NMA Calls For Ofcom To Take Another Look At BBC Expansion Into Local News
The News Media Association has called for Ofcom to take another look at the BBC’s expansion into local news, warning the licence fee funded plans will crowd out commercial providers, as the BBC announced a rise in local audiences.
Responding to a BBC press release announcing a rise in audiences for BBC Local services, NMA chief executive Owen Meredith warned that the long term effect of the BBC’s aggressive expansion would be to “eradicate plurality in the local news market.”
Owen said: “The rise in online audiences for BBC Local cynically trumpeted by the BBC this week is very worrying evidence of the effect of the BBC’s wrong-headed strategy of moving into an area already well served by commercial local providers.
“This shows audiences continue to be hungry for local news online, but the BBC is using the might of the licence fee to draw audiences away from commercial local news providers, depriving them of readers and the revenue to continue investment in trusted, professional, plural journalism, all at the expense of much-loved local radio services. The BBC Royal Charter is supposed to stop the BBC from impacting the commercial market in this way, Ofcom must take another look at this and put the brakes on the BBC’s expansionism.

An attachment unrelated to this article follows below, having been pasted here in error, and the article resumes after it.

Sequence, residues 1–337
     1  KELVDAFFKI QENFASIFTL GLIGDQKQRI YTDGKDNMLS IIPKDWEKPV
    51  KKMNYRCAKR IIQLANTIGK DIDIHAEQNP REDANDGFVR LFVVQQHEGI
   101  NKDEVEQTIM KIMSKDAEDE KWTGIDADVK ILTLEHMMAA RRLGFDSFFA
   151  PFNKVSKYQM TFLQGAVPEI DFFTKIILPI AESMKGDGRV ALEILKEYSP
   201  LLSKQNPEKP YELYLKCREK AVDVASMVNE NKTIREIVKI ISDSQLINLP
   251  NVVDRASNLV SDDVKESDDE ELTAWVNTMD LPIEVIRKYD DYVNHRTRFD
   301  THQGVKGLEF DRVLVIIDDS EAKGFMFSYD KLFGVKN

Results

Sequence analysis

“The long-term effect of this aggressive expansion into local news will be to eradicate plurality in the local news market, leaving us with the BBC as the only source of local news. We cannot allow that to happen.”
Iliffe Media editorial director Ian Carter said: “There’s something quite nauseating seeing the BBC boast about the fairly modest increase in its regional digital audience, knowing it’s been achieved by ripping the guts out of its distinctive local radio output.
“Diverting money to compete in a market well-served by commercial publishers will simply, in the long term, reduce choice. How can the rest of us experiment with monetisation models when a cash-rich BBC can simply follow up our stories and provide them on a free-to-access site?
“The outcome will be some publishers still desperately chasing clicks for ad revenue to at least try to compete on a desperately uneven playing field.
“All the evidence suggests unique, high-quality, exclusive content is what our audiences want. It’s what we want too and what we strive to provide. We need to pay for it somehow though.
“I don’t really fancy a world where the only source of local news comes from the BBC, alongside the occasional plucky hyperlocal, but that’s where we will finish up if its aggressive expansion is allowed to continue unchecked.”